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Mr. Michael Howard (Folkestone and Hythe): I draw attention to my entry in the Register of Members' Interests and thank the Chancellor for advance sight of his statement.

I am delighted that relations between the Chancellor and the Prime Minister have improved so much since the pre-Budget report. So cordial have they become that they cancelled all their engagements at the end of last week to spend more time together. Indeed, they have not spent so much time with each other since the last time the Government were in turmoil. [Interruption.]

Mr. Speaker: Order. Let the shadow Chancellor speak.

Mr. Howard: Britain's schools, hospitals and other public services can and must be improved, but to do that we need real reform. Is not it the lesson of the past five years that more money without real reform will not work? We read yesterday that the Chancellor himself had "been disturbed" by the Government's record on failing to deliver, and who could fail to sympathise with him? After all, he provided an increase of 23 per cent. in funding for education, but last year the proportion of children meeting numeracy standards actually fell; he spent 26 per cent. more on law and order, but crime is rising again, with street crime soaring by 31 per cent.; and he allocated almost 30 per cent. more to the NHS, but waiting lists are going up again.

How frustrating that must all be for the Chancellor. He even set in place a whole panoply of public service agreements, targets and monitoring arrangements so that all the extra money would deliver improvements in services. But what happened? The Government failed to meet their own targets: they failed on health care; they failed on violent crime; they failed on truancy; and our public services have been getting worse. The only mystery in all this is why the Chancellor does not realise that coming back to the House today and making exactly the same promises that he has made year after year, based on exactly the same approach, will lead to exactly the same results. Why has the Chancellor not learned the lessons of his past failures? After six Budgets, five years in office, three spending reviews and countless promises, is not it abundantly clear that the Chancellor and his colleagues simply do not know how to bring about real reform and the improvements in public services that we all want to see?

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The Chancellor makes great promises about our public services. He says that the

will allow

but that is what he said in 1998. He says that the money will

but that is what he said two years ago.

Of course, he also promises change and modernisation in our public services. In fact, he promised reform no fewer than 21 times in his statement, but that was his statement four years ago. He has promised reform every year since. So where is the reform? Where is the modernisation? Where is the change?

Why did the Government last year send schools 17 pages of documents for every working day? Is that reform? How can teachers be expected to cope with that? Why does the Home Secretary now want police officers to fill in forms in duplicate every time they stop—stop, not search—someone in the street? Is that the kind of reform that the Chancellor had in mind? Why has productivity in the NHS fallen? Why are there now more bureaucrats than beds? Is that the reform that patients want?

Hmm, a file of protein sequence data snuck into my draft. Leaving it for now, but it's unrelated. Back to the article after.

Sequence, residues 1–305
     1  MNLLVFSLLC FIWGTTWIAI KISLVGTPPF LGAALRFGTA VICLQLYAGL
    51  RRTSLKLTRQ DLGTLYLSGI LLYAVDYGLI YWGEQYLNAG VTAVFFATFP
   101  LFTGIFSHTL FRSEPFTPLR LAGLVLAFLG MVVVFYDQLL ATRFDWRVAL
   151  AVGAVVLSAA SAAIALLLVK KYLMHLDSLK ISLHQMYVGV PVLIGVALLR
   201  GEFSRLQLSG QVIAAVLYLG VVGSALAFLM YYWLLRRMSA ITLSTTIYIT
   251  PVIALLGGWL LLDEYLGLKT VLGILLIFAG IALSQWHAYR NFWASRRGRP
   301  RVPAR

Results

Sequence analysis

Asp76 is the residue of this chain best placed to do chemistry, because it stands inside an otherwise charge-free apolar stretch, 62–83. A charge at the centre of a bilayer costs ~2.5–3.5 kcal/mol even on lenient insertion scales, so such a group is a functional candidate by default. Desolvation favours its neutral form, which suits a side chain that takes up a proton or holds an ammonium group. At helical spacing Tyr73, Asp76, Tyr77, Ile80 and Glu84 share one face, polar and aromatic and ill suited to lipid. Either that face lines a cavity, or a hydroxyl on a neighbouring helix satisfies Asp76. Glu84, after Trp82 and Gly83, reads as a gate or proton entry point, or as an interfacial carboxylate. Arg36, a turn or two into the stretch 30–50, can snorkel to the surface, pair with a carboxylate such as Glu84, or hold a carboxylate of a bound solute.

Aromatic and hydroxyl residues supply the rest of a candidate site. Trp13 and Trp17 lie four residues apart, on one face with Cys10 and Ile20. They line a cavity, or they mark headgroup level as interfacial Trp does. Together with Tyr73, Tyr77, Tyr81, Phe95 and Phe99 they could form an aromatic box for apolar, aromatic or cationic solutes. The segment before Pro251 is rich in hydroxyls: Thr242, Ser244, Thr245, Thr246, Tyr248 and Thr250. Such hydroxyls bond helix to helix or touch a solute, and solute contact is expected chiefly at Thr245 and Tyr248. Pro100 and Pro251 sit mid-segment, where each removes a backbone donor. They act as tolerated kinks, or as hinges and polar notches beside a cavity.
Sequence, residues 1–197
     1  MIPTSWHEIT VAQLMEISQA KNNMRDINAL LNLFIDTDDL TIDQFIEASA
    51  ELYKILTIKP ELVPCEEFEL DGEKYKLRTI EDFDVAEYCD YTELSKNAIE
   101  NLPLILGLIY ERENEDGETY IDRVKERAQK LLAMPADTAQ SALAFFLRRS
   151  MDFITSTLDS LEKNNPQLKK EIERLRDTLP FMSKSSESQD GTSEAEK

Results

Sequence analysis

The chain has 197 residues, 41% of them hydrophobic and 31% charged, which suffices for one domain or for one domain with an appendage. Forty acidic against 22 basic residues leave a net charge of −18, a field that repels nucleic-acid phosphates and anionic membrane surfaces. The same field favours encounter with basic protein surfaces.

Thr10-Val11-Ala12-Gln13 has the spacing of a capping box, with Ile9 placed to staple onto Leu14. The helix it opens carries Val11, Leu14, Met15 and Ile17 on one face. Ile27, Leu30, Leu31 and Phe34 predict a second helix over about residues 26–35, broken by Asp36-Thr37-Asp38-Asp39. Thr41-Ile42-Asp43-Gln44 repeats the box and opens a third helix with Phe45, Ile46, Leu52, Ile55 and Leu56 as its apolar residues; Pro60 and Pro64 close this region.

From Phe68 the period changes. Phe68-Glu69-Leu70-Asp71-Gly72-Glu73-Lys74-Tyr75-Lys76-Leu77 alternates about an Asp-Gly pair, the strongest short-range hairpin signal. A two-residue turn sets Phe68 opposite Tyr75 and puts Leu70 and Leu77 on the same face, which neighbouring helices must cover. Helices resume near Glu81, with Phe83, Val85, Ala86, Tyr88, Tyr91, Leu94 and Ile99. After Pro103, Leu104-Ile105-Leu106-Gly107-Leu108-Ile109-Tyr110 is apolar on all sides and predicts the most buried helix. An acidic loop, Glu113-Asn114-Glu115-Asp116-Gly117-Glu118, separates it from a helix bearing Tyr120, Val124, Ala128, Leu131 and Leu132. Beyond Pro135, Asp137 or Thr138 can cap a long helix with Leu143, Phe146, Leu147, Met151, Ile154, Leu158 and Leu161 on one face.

Yet the Chancellor is at it again. Another year, another spending review. The same old promises, the same old failure, year after year. Does not he just deliver higher taxes? Has not he recently announced his rate tax increase? Then he preens himself and boasts about reducing public debt. One does not have to be a genius to reduce public debt if one taxes every man, woman and child in this country an extra £40 a week and imposes a £100 billion hit on pension funds. Is not it becoming clearer and clearer that money alone is not the answer?

What is the result of the Chancellor's failure? When public services fail, is not it those on the lowest incomes who get hit the hardest? Is not it those in the inner city who cannot escape from the failing school, the hard-pressed hospital or the crime-ridden estate? The Chancellor likes to talk about fairness, but what is fair? [Interruption.]

Mr. Speaker: Order. Hon. Members are far too noisy. It is unfair to the shadow Chancellor; he should be given a hearing.

Mr. Howard: What is fair about making promises to the most vulnerable sections of society and breaking them year after year? The Chancellor is at it again. Another year, another spending review. The same old promises, the same old failure.

May I ask the Chancellor about the assumptions underlying his plans, which he barely mentioned? Has he read the recent warnings of the newly appointed economic adviser to the Department of Trade and Industry, who said:

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In light of those comments, does he stand by the growth forecasts outlined in the Budget and the economy's performance since then? Indeed, what confidence can we have in any of his figures when he so casually cooks the books on borrowing and debt, as he has done, Enron-style, in the case of Network Rail?

The Chancellor has today barely mentioned something that he normally says a great deal about—productivity. Perhaps that is not altogether surprising as the latest figures show a fall in productivity in the first quarter of the year. Indeed, under five years of Labour government, Britain's productivity has grown less than half as fast as it did under the last five years of Conservative government.